Rain comes and goes, especially in our little country. Not always fun. But when I saw this storm pass on fortunecookiez.be, I was willing to jump right in. So when they asked me to do a guest post with tutorial, I didn’t hesitate for one second.
What do you need?
- Something round to use as a template to draw the basic circle of your pattern. Think pots and pans, your coffee mug (if you want a small raindrop), your earmuffs, whatever you have lying around. Or you can act like a real professional and use a drafting compass
- A ruler, paper, pencil and scotch tape
- Some leftover fabric (size depends on how large a raindrop you want to make)
- For the eyes and mouth: flock film, embroidering thread, googly eyes, you name it
Draw the pattern
If you would like to draw the pattern yourself and make it whatever size you want, draw the pattern as described below. If you would like to use an existing pattern, you can download and print the big or the small pattern, and follow the description on how to cut the fabric further below.
- Take your round object and put it on your paper.
- Draw a circle around your object and cut out your circle.
- Fold your circle in four, so you can find the centre point.
- Use your scotch tape to tape the circle on a piece of paper, so you can draw the raindrop pattern on top of the circle.
- Measure the diameter and extend the diameter line on top of your circle.
- Divide the diameter by two (yes, the radius) and indicate this number on the extended line, measured starting from the edge of the circle.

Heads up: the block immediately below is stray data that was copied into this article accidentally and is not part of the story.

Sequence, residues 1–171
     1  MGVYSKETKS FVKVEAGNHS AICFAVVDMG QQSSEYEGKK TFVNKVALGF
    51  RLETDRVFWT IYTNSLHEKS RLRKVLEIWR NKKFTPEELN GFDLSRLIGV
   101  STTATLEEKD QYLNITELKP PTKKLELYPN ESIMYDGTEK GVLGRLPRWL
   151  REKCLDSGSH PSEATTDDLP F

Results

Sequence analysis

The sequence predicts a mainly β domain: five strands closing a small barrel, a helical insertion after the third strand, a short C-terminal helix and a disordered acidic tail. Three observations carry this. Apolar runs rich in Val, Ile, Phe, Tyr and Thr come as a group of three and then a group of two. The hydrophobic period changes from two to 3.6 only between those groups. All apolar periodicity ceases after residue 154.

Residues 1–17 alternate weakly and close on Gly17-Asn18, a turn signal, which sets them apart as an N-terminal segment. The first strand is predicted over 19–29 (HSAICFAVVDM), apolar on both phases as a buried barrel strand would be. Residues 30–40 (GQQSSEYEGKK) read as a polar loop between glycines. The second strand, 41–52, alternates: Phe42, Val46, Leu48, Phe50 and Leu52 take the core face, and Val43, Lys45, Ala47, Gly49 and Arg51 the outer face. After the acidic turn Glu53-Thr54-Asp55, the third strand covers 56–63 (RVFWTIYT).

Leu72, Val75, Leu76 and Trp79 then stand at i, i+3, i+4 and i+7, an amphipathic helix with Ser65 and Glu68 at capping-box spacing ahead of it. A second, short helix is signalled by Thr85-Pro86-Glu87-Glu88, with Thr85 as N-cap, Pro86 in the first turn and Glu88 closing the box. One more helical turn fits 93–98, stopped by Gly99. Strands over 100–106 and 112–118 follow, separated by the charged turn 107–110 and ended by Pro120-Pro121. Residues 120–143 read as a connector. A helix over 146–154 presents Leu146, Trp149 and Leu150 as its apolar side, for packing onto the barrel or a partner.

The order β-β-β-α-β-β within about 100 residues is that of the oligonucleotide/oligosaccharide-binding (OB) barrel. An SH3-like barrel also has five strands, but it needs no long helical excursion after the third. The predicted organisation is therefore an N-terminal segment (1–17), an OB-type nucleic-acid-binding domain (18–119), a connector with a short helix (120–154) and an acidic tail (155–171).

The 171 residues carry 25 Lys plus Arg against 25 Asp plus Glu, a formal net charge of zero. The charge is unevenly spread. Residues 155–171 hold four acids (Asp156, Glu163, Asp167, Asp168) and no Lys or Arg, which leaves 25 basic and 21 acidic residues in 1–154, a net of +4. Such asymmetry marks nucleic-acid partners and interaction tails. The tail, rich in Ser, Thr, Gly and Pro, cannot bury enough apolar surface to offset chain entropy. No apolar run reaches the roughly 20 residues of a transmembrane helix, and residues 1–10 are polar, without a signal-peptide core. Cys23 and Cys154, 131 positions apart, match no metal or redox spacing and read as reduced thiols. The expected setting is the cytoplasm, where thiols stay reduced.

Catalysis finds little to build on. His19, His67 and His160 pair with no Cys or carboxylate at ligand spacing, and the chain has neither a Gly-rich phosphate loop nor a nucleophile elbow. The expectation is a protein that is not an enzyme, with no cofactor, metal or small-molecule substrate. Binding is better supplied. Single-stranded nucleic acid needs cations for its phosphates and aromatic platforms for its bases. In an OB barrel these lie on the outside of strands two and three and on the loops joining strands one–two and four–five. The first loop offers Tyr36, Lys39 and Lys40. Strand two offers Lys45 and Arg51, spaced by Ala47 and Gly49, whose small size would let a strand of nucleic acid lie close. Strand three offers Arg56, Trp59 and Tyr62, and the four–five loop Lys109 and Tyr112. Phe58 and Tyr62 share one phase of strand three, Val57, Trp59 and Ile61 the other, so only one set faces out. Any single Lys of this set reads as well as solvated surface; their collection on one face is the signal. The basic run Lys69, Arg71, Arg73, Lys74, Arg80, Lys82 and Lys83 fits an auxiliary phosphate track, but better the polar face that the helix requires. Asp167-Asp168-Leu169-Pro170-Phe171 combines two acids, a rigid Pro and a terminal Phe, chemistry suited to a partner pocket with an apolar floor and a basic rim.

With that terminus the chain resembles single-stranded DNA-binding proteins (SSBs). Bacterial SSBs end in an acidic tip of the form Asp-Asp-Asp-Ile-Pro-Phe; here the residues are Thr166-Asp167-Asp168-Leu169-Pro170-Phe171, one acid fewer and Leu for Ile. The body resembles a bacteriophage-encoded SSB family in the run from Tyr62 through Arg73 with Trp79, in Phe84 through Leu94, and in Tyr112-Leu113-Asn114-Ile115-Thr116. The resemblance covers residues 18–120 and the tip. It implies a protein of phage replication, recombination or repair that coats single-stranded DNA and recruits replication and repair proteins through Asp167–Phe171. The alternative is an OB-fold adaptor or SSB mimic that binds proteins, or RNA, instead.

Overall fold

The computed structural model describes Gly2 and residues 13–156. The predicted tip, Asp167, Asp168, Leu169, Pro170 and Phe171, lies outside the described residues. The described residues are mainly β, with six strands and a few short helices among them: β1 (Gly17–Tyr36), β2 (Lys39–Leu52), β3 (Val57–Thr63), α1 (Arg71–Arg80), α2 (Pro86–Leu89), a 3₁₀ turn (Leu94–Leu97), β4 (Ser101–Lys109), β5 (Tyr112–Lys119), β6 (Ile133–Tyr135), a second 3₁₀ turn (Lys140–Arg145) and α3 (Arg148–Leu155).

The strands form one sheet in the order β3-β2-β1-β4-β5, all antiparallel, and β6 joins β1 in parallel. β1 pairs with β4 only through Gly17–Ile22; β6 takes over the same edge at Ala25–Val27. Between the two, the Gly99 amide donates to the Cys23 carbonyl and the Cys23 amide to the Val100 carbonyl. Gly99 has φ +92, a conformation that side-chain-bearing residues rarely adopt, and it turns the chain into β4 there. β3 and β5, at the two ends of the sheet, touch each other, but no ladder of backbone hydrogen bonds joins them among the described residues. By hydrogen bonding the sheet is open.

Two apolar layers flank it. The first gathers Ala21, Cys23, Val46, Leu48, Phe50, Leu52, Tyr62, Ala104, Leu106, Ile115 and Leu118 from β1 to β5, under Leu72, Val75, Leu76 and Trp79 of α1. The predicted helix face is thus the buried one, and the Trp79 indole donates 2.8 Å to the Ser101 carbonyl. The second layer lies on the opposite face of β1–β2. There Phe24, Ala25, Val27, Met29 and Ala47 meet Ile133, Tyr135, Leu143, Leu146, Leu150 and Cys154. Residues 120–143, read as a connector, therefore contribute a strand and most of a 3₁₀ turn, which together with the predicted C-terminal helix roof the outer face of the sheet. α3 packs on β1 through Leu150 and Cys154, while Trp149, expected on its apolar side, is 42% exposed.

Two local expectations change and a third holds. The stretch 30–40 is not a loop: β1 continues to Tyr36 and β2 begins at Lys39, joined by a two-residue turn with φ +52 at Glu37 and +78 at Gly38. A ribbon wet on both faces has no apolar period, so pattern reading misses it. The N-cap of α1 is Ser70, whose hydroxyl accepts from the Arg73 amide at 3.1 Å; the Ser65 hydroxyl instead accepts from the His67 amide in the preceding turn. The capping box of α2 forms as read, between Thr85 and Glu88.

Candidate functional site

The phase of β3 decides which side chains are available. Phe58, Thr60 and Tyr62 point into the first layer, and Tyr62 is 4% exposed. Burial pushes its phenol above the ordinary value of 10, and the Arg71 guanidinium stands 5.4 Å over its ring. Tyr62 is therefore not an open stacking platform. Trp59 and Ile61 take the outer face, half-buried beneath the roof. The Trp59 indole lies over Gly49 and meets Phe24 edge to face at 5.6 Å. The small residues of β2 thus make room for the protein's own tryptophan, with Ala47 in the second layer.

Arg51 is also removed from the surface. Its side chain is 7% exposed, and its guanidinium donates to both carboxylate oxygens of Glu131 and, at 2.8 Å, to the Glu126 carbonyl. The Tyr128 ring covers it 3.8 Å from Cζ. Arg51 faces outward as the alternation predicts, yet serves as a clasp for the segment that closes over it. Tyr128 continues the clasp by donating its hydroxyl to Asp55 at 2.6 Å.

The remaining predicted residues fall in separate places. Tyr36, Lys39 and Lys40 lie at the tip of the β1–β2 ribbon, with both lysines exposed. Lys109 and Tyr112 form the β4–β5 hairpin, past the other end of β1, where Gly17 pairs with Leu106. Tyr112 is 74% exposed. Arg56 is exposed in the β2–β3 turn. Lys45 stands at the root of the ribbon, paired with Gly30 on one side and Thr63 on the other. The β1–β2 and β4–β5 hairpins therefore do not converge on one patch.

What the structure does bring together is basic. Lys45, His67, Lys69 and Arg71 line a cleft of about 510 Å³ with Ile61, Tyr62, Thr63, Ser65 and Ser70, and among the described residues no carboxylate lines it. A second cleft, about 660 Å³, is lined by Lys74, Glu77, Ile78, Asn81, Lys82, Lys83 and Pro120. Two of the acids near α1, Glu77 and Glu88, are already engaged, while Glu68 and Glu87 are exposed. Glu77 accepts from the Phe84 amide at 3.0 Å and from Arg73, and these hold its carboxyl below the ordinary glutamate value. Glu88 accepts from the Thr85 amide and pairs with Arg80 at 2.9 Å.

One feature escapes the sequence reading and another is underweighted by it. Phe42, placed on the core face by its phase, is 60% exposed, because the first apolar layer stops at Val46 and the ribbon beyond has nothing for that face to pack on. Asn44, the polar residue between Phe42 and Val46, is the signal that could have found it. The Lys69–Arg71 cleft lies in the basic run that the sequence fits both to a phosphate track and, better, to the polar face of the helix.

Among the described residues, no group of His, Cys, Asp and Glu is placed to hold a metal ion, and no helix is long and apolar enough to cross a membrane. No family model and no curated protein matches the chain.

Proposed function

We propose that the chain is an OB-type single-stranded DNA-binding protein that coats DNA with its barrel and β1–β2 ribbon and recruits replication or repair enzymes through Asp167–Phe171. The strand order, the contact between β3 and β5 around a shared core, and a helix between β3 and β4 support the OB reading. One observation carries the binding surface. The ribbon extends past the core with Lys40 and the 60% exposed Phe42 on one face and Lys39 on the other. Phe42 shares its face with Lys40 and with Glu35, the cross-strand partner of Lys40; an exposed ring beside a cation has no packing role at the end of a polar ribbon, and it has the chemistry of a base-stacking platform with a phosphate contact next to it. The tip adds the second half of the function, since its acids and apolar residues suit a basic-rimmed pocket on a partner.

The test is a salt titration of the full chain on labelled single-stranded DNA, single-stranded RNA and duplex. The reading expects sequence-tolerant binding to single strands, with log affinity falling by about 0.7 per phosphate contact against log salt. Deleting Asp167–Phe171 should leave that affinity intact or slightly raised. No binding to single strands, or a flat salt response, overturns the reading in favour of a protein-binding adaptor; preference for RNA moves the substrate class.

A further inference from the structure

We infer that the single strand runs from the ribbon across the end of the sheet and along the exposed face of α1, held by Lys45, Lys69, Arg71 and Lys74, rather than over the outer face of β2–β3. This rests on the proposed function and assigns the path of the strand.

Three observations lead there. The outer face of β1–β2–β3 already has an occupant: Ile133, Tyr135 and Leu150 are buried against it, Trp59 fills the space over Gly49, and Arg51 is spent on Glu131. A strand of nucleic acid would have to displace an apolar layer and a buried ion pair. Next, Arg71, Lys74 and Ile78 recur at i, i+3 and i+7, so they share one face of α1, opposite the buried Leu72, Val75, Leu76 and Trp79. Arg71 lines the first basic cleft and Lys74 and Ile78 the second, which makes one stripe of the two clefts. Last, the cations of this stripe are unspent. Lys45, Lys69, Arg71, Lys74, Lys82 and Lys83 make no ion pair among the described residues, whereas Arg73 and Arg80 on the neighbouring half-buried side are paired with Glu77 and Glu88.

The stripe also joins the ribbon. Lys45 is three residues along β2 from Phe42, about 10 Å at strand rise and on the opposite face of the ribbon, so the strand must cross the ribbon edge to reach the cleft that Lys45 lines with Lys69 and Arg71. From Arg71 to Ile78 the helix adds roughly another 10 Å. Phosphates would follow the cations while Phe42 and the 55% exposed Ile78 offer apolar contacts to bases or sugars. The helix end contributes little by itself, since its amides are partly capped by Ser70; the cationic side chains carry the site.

- Draw to lines from the new point towards the side of the circle, to create the raindrop.
- Cut the pattern.
Cut your fabric
- Fold your fabric, right sides facing each other.
- Put your pattern on the fabric and pin in place.
- Draw around your pattern, and draw a 1-centimeter seam as well.
- Mark where the opening should come to stuff your raindrop. This should be at the bottom of your raindrop, about 7 centimeters wide.
- Cut your fabric.
You now have two fabric raindrop parts.
Pin and sew
- Place both fabric parts on top of each other, right sides facing each other.
- Sew together. Don’t forget to keep the opening at the bottom of your raindrop.
- Clip the seams, and don’t forget the tip of the raindrop.
- Turn your fabric, so the right sides are on the outside. Don’t forget to take good care of the tip.
- Fold the seams of the opening inwards, and sew closed with an invisible stitch.
There are a zillion ways to add a face to your raindrop. I used flock film, embroidery thread and googly eyes.
Avoid getting addicted
Making raindrops goes so fast, that soon you’ll have a complete thunderstorm on your hands.
But no worries, every cloud has its silver lining.